Confrontations

Confrontations are not my cup of tea.  I’d rather walk away even if it would look as if I was the bad one. Perhaps this is my own brand of selfishness.  Or is it an internal mechanism to regulate pain given that I’ve a very low threshold of it?

This behavior spills over into my professional life.  Like when as part of our itinerary a former colleague and I along with the research team made a courtesy call on a Mayor.  We were ushered into his office which was already filled with members of the LGU team.  My former colleague and I took the seats across the Mayor’s table while the rest congregated around us.  Being the team leader, I did the introductions on our side. Done, I proceeded to brief the Mayor of our work.

As the Mayor and I were talking, I suddenly became aware of several pairs of eyes on me.  I got distracted.  Next thing I knew my colleague, who calls himself an activist, had taken advantage of the gap in our talk and lectured the Mayor to reach out to the poor more.  The Mayor looked at me like he was asking to be rescued.  I became uncomfortable.  Should I stop my colleague or let the Mayor have it because anyway the lecture contained truths?  Finally, I heeded my gut feel.  It was not the right time for lectures.  So I interrupted my colleague.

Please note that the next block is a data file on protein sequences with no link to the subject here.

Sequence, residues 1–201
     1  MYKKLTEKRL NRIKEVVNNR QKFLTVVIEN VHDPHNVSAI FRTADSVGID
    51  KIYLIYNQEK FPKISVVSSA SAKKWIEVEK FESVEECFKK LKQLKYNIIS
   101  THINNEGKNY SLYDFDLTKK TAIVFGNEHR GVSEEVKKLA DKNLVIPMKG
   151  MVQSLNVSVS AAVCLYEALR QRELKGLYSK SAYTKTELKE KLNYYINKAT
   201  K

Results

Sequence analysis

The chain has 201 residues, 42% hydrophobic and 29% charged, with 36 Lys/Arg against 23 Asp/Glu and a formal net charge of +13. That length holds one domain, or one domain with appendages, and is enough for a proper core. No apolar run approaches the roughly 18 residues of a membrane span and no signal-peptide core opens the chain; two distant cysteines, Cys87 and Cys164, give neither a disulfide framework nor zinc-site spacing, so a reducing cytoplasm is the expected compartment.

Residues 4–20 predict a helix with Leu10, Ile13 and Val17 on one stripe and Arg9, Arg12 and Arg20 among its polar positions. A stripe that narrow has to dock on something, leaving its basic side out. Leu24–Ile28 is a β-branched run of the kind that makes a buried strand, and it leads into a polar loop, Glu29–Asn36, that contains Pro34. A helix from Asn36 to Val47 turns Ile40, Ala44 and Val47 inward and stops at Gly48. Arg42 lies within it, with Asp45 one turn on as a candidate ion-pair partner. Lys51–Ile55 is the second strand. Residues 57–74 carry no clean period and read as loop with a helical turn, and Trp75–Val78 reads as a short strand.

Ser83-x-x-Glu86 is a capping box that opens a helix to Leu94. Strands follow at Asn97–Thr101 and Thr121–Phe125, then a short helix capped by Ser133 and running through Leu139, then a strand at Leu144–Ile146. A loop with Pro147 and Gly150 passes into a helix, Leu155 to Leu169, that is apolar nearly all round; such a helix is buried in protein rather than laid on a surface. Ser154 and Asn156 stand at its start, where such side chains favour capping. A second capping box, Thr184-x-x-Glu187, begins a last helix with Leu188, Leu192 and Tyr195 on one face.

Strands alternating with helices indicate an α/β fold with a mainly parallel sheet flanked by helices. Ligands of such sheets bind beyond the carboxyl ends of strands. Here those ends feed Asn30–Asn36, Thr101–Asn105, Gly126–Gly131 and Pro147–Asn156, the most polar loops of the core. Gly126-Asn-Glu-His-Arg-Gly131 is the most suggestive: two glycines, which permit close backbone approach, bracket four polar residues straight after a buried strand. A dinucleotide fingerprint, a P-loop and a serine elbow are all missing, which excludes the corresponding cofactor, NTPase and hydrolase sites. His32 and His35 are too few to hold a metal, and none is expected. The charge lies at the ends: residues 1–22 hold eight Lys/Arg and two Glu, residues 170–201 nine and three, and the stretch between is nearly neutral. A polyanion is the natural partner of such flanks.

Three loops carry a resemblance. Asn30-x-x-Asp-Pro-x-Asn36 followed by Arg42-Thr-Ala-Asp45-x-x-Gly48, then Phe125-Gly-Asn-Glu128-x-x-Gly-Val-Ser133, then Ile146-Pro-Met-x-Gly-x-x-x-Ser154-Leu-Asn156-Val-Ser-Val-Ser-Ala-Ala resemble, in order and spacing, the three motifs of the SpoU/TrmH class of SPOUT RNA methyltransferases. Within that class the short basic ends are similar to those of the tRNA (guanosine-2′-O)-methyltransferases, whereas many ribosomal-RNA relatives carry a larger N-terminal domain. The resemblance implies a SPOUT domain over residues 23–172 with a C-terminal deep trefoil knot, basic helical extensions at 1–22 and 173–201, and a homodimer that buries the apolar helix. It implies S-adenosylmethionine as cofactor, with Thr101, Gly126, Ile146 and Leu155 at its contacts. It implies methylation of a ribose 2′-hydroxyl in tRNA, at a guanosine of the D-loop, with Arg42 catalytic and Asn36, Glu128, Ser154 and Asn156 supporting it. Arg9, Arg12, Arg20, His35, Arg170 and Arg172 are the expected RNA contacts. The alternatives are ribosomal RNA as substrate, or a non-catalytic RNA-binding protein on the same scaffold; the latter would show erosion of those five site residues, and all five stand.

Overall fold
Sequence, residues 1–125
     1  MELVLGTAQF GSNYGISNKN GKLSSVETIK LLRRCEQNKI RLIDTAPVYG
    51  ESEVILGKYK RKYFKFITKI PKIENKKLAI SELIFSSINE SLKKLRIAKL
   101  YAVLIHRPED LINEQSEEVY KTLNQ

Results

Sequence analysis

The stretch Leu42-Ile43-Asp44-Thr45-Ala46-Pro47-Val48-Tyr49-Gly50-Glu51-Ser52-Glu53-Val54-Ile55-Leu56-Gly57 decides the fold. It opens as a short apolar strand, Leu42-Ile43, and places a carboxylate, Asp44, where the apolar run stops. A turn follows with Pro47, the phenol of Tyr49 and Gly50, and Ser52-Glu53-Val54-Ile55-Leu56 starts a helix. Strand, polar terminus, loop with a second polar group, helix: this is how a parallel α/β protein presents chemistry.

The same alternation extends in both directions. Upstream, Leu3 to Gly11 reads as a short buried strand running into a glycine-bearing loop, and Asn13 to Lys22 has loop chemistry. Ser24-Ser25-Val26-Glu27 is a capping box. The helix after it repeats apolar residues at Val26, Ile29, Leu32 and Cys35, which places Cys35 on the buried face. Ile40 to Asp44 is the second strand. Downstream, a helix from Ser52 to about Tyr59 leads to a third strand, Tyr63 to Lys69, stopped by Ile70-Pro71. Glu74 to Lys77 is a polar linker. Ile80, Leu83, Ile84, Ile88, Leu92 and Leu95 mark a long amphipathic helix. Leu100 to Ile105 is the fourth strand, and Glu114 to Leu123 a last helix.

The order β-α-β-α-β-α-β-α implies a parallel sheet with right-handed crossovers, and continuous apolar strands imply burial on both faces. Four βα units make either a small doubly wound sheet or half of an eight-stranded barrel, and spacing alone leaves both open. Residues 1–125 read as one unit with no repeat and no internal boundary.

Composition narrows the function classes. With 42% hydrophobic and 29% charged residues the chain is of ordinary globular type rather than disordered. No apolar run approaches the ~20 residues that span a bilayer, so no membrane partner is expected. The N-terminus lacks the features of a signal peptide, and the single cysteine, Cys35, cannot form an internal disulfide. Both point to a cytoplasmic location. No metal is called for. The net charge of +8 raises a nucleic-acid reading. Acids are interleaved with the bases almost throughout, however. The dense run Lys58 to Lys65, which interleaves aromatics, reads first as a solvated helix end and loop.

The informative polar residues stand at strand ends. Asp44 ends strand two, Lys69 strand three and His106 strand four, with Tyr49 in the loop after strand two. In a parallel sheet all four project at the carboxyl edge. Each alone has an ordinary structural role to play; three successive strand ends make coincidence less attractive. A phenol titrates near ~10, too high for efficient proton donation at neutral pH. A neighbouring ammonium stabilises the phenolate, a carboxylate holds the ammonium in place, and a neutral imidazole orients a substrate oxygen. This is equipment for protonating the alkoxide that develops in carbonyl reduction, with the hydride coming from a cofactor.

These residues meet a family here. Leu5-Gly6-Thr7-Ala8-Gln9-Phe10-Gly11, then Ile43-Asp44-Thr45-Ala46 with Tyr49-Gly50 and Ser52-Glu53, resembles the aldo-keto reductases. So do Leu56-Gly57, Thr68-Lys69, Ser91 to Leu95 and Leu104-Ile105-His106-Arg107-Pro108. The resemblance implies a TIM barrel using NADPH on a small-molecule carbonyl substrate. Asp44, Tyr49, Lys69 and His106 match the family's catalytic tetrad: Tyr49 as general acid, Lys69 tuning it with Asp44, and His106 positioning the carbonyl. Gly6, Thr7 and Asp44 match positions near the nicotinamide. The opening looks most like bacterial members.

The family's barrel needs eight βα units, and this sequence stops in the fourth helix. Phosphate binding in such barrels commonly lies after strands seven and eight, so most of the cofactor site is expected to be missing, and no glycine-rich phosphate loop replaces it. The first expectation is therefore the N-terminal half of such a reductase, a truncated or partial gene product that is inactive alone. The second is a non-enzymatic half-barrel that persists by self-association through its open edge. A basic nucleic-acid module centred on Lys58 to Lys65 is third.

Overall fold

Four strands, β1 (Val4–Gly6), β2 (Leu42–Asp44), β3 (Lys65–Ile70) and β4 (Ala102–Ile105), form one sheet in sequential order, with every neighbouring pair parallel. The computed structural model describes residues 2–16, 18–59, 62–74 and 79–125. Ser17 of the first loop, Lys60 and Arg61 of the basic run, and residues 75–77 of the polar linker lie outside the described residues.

If this occurred in my personal life, I would’ve left the room and the parties to settle however they like the issue settled.  I’m hands off.  In the workplace, it is required that one do not run away from challenges or from making a stand.  The skill goes by the name, conflict management.

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